This photo provided by Other Press shows the cover of the book, "A Brief Stop on the Road from Auschwitz," by author Goran Rosenberg. (Other Press via AP)
This photo provided by Other Press shows the cover of the book, “A Brief Stop on the Road from Auschwitz,” by author Goran Rosenberg. (Other Press via AP)

New York – Holocaust memoirs published in the decades following the Nazi genocide of Europe’s Jews serve as gripping and historically necessary evidence to unimaginable personal suffering. However, few such memoirs are at once remarkable testimony and remarkable literature.

But a recent book by Swedish author and journalist Goran Rosenberg is both. In “A Brief Stop on the Road From Auschwitz,” Rosenberg masterfully retraces the struggle of his father to rebuild a completely shattered life after surviving Nazi slave labor and death camps, including the infamous Auschwitz.

The theme here is the seldom-told “surviving the survival,” that is, finding the will to live when everyone you loved and everything you cherished is gone.

David Rosenberg, a Polish Jew from Lodz who barely survives the war, arrives in Sweden in 1945 at age 24. He eventually settles in the bland, industrial town of Sodertalje in search of a place to replace the sights, smells, sounds and people of a world that has disappeared.

David is indefatigable in trying to build anew. He finds a job as a pipe fitter at a huge Scania-Vabis truck factory; he reunites with Hala, from whom he was separated on the selection ramp at Auschwitz-Birkenau; they marry and soon have a child. They want to name him Gershon, after David’s father, who died in the Lodz ghetto. But friends say the name sounds too foreign. How about Goran? It’s nice, Swedish-sounding, and will help the child blend in.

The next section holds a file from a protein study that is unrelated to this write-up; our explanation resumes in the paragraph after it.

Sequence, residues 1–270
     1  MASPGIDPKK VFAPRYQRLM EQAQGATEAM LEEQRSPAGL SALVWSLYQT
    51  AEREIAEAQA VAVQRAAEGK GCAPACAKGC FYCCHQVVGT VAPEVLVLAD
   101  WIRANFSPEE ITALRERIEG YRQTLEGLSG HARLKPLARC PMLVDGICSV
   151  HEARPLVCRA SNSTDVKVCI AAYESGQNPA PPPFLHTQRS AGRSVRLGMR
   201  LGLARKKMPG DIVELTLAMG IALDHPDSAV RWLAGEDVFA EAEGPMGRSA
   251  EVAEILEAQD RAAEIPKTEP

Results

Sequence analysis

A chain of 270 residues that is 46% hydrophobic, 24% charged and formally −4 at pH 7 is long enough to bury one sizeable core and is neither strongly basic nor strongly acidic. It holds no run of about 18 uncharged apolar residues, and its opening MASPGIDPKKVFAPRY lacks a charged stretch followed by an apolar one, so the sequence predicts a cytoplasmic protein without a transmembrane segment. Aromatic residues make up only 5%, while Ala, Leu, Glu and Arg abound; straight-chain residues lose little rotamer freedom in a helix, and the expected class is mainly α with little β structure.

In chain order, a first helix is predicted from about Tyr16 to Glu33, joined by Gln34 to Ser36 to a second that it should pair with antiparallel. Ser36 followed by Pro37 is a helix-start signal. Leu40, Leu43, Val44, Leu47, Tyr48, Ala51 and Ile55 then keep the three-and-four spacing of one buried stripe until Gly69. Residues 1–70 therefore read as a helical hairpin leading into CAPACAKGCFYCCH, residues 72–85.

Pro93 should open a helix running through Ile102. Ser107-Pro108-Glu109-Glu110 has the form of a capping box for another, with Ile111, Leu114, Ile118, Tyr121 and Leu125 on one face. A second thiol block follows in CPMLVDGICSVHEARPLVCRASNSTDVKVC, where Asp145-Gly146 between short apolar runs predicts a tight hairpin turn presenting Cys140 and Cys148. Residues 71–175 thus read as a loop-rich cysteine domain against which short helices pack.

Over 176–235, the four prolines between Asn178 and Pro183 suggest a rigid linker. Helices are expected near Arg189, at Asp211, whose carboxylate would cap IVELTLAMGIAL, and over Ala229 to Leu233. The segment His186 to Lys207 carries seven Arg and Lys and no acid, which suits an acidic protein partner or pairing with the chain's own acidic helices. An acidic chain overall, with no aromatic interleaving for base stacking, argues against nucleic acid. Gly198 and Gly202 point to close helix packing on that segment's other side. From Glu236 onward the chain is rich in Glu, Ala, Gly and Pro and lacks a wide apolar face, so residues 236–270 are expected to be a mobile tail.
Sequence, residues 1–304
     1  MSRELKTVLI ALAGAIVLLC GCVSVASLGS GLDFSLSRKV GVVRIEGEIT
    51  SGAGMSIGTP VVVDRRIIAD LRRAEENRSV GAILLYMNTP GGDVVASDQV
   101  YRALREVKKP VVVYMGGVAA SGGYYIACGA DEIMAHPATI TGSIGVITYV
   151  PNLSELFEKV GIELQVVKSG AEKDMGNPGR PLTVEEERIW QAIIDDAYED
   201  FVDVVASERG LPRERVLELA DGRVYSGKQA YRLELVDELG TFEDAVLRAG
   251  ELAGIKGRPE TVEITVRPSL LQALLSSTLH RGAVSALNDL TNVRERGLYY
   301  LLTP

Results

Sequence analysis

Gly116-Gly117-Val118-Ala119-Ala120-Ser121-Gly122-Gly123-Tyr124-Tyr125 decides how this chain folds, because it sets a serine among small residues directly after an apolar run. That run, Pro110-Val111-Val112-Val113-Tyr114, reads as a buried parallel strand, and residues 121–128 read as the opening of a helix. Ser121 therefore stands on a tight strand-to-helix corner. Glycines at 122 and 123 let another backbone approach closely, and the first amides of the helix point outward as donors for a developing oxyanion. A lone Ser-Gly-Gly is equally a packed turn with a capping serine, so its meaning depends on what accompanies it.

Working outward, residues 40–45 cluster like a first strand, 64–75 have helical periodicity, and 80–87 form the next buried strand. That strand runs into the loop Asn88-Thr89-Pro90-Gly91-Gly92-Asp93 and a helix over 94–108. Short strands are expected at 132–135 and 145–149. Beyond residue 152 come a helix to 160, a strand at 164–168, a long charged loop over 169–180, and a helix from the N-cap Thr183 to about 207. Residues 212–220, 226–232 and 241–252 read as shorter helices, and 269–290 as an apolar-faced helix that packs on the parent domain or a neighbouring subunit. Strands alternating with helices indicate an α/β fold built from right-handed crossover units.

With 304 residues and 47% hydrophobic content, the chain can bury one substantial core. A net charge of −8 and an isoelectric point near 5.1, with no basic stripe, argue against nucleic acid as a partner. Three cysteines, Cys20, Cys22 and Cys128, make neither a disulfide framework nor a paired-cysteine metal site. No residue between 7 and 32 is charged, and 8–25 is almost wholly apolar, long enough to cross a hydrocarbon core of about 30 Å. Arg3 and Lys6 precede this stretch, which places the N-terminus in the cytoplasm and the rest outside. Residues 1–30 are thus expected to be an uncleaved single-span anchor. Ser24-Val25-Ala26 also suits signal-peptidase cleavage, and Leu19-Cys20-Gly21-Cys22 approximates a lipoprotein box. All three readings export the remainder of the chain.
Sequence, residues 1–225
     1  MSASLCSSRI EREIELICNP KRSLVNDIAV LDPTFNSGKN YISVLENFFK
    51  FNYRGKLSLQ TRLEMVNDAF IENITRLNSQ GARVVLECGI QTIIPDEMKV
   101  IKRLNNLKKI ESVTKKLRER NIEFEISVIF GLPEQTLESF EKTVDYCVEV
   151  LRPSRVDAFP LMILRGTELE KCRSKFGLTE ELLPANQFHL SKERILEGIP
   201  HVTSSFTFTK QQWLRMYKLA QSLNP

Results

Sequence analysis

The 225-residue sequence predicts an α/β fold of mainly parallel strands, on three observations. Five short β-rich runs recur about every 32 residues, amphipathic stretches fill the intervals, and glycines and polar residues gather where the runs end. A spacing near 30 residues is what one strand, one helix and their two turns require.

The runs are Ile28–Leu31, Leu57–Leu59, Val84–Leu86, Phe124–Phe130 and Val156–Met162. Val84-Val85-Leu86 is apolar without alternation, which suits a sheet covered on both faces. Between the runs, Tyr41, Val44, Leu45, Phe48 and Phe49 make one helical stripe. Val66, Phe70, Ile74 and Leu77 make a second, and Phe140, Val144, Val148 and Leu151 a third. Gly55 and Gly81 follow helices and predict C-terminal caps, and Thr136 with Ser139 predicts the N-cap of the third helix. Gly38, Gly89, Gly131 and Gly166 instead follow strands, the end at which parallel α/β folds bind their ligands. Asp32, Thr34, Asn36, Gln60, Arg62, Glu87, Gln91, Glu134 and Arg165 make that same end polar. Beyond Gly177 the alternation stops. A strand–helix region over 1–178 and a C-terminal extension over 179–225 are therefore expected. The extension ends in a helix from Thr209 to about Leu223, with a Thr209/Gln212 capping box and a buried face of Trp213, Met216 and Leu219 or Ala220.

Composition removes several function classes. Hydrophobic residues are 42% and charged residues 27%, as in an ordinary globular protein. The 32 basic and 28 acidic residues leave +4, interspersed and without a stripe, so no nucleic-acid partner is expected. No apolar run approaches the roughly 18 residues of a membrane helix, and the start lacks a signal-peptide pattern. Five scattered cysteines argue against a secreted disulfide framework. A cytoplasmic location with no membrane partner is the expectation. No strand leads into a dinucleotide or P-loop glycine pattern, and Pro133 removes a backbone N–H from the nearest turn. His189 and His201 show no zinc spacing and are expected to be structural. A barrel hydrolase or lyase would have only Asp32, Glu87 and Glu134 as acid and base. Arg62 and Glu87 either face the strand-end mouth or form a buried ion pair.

While it’s a miracle that David lived to see freedom, he never truly gets free of the past. World War II is over, and — though Europe is missing two-thirds of its Jews — everyone else has moved on. David is outwardly buoyant, but his inner life becomes increasingly roiled and dark.

Sweden has its own dark side. Snowballs hit the kitchen window as children shout “Jews!” Goran learns on the playground that a “marble Jew” is someone who cheats at the game. And his father sustains a concussion in a violent fight at the truck factory with a co-worker who insinuates that he is a good-for-nothing Jew.

Not surprisingly, post-war Germany comes off far worse. The Germans offer reparations payments to the victims of National Socialism, but shamelessly make it all but impossible to qualify. A survivor must prove he is 25 percent disabled, but David’s medical examiner — appointed by Germany — looks him up and down and declares him only 20 percent diminished.

In this haunting exploration of the Auschwitz legacy — how it crushes long after the gas chambers are shut down — Goran Rosenberg has wrought, from the second-generation perspective, a book that overwhelms.

Brimming with duty-bound love but inescapably tragic at its core, “A Brief Stop on the Road From Auschwitz” is a tour de force fully on par with Primo Levi’s “If This Is a Man” and other literary classics of the Holocaust.

As reported by Vos Iz Neias